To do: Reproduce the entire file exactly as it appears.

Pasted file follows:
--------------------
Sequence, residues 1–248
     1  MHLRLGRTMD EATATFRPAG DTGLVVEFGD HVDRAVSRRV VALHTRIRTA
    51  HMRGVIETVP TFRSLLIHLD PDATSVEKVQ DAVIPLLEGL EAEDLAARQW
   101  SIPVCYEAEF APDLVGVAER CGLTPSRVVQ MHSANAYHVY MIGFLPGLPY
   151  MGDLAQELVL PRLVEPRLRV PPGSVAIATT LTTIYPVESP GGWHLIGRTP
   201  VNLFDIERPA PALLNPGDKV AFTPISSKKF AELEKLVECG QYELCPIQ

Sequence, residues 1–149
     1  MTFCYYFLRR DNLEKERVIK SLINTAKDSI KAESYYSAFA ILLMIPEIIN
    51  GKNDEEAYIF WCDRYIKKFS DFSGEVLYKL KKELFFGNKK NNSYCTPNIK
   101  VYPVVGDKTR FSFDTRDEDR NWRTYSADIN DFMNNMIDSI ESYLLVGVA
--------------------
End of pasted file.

Sequence, residues 1–248
     1  MHLRLGRTMD EATATFRPAG DTGLVVEFGD HVDRAVSRRV VALHTRIRTA
    51  HMRGVIETVP TFRSLLIHLD PDATSVEKVQ DAVIPLLEGL EAEDLAARQW
   101  SIPVCYEAEF APDLVGVAER CGLTPSRVVQ MHSANAYHVY MIGFLPGLPY
   151  MGDLAQELVL PRLVEPRLRV PPGSVAIATT LTTIYPVESP GGWHLIGRTP
   201  VNLFDIERPA PALLNPGDKV AFTPISSKKF AELEKLVECG QYELCPIQ

Sequence, residues 1–149
     1  MTFCYYFLRR DNLEKERVIK SLINTAKDSI KAESYYSAFA ILLMIPEIIN
    51  GKNDEEAYIF WCDRYIKKFS DFSGEVLYKL KKELFFGNKK NNSYCTPNIK
   101  VYPVVGDKTR FSFDTRDEDR NWRTYSADIN DFMNNMIDSI ESYLLVGVA